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Top job goes to Eastwood

The incoming Hefce chief will not just want to mind the shop. Anna Fazackerley reports

David Eastwood, the new chief executive of the Higher Education Funding Council for England, pledged this week to thrust universities back into the political limelight.

Professor Eastwood, vice-chancellor of the University of East Anglia, was handed the purse strings of the higher education sector this week, ending months of speculation.

He will not take over officially until September, but in the coming months Professor Eastwood said he would battle to protect teaching and research budgets in the tough government spending review, for which negotiations begin this summer.

He told The Times Higher: "Part of my new role is to ensure that the Government understands the success of the sector, but also that higher education doesn't get eclipsed by other education and research priorities."

He added: "I'm sure none of us wants quite the degree of exposure that we had in 2004, but I don't think higher education should be taken for granted."

While Professor Eastwood was known to be one of the frontrunners for the job, many in the sector predicted that Sir Ivor Crewe, vice-chancellor of Essex University and the former president of Universities UK, would be appointed.

At 47, Professor Eastwood is young to be given such a high-level job. Other vice-chancellors said this week that this gave a strong message to the sector that despite months of rumours, the Government had no intention of phasing out the funding council.

Professor Eastwood suggested this week that he had been appointed in part for his long term strategic vision. He said Hefce would still play an important role in ten years' time.

Professor Eastwood is known for his ambition. He chairs the 1994 group of research-intensive universities, UUK's longer term strategy group, Hefce's research committee and the Quality Assurance Agency's steering group for benchmarking, as well as sitting on the Hefce board.

One university head who is close to him said: "I don't think David will want to simply mind the shop. If he takes the job, he will have agreed with the Department for Education and Skills that he must have some scope for change."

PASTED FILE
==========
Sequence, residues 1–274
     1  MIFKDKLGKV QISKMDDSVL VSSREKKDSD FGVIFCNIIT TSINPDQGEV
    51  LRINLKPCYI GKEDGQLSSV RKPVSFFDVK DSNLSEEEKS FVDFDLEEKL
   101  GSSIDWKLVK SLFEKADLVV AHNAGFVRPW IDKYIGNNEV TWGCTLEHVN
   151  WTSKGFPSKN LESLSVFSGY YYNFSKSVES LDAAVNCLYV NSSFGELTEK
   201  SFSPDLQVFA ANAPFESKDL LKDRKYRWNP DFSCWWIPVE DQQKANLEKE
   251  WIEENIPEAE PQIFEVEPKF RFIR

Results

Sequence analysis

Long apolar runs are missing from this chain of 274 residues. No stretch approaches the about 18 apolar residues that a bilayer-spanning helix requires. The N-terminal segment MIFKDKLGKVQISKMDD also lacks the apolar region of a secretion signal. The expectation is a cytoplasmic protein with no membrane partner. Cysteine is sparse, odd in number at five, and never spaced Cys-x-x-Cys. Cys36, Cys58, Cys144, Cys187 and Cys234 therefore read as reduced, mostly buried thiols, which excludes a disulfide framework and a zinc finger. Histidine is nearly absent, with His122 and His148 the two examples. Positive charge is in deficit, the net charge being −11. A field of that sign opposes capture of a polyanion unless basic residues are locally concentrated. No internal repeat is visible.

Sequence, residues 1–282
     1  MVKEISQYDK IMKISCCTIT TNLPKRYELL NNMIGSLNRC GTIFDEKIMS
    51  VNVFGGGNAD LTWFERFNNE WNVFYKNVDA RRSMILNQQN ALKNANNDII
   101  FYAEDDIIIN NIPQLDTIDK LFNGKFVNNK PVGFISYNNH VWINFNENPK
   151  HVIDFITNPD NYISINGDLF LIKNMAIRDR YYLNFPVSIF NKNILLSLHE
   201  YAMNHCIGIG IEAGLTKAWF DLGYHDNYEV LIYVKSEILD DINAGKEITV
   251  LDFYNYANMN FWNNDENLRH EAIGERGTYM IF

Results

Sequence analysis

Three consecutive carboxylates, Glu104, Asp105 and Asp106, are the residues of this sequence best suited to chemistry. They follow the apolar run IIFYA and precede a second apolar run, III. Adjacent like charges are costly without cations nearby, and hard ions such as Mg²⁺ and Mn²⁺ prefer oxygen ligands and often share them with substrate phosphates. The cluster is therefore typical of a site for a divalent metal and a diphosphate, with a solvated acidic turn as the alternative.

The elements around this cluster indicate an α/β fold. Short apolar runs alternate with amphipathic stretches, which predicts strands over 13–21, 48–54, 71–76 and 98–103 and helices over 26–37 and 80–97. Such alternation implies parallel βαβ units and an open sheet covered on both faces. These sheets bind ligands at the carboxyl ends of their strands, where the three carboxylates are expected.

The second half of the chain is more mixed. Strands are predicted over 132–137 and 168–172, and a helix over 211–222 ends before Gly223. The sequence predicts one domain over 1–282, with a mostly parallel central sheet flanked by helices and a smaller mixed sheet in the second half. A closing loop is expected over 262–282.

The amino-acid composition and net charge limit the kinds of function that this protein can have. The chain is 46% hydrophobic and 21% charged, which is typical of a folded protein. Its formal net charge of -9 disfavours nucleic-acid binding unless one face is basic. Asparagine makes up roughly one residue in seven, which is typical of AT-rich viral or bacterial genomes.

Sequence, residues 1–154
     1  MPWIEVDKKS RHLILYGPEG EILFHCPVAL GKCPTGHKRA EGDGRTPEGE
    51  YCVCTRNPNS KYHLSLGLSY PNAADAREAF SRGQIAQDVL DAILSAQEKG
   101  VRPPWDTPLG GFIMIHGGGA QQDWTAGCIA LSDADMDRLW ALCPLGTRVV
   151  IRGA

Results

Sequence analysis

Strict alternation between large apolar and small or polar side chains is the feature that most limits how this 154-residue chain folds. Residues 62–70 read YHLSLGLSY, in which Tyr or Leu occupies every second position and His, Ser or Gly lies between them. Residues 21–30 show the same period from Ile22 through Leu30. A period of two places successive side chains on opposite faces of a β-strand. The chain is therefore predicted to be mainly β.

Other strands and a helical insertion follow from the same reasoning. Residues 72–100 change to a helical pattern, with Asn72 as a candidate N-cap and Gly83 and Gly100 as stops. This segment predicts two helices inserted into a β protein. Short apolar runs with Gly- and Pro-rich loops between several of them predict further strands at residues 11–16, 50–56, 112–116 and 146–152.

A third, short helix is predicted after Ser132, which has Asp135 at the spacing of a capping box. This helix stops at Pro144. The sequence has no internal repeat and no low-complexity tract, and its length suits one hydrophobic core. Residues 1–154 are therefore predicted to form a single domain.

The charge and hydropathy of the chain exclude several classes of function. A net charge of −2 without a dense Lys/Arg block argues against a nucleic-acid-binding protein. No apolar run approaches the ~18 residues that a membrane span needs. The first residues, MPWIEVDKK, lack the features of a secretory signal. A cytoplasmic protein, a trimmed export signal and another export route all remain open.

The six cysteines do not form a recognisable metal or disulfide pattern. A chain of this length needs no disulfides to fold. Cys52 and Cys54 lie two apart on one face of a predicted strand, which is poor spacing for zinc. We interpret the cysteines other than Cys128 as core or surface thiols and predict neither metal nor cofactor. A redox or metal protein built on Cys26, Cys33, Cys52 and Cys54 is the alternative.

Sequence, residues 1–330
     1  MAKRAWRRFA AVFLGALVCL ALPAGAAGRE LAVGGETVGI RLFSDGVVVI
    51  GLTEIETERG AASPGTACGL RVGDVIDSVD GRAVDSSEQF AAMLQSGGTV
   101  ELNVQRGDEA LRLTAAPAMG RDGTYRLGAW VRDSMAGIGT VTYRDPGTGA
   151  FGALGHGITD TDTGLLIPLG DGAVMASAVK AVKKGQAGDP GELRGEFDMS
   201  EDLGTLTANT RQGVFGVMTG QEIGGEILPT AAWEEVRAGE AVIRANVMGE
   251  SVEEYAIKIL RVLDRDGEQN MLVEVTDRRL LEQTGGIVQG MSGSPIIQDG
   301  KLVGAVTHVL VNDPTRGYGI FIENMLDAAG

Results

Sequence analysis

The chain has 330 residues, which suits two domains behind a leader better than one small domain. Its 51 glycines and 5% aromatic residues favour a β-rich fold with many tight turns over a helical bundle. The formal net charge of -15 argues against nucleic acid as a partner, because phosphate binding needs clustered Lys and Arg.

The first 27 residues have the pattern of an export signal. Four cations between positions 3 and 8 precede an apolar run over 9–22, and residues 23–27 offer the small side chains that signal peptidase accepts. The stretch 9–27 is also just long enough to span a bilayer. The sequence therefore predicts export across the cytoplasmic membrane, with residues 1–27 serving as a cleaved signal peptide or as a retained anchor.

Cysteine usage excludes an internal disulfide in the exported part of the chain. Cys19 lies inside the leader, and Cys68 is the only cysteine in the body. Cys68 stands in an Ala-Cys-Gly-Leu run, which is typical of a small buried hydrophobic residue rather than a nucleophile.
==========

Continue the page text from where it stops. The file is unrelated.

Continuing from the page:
The unpopular 2008 research assessment exercise will present Professor Eastwood with one of his biggest public relations challenges. But he said he was keeping an open mind about the future of the exercise after that date.

He said: "It is important that the RAE is a success. It does a lot of things that are not on the tin. It is used by institutions as a performance management tool. It is a pretext for doing things they should be doing anyway. The benefits are not just of funding."

He added: "As we get closer to the RAE, expectations do need to be managed appropriately."

But Professor Eastwood said that he would not be guided by a desire to make friends - and nor was he motivated by the potential for a knighthood.

He said: "If I'm unpopular because I'm doing a bad job, I would care a lot about that. But as a university teacher you learn that you cannot desperately try to make people like you. You discover that students want you to do a good job, then they will respect you, and then some of them will like you. This is similar."

Professor Eastwood said that he would not allow troubled institutions to reach financial crisis point. "If the funding council needs to intervene, it needs to intervene early and it needs to intervene by working with an institution to identify necessary changes."

Professor Eastwood will support Steve Egan, the acting chief executive of Hefce, for the next six months. But he said: "I won't go round the sector making speeches - partly because I have my vice-chancellor position, and partly because I think it is important for me to listen as well as to speak."

anna.fazackerley@thes.co.uk

Eastwood on the RAE

It is important that the RAE is a success. It does a lot of things that are not on the tin. It is used by institutions as a performance management tool. It is a pretext for doing things they should be doing anyway. The benefits are not just of funding.

On popularity

If I'm unpopular because I'm doing a bad job I would care a lot about that. But as a university teacher you learn that you cannot desperately try to make people like you.

On failing institutions

If the funding council needs to intervene it needs to intervene early and it needs to work with an institution to identify necessary changes.

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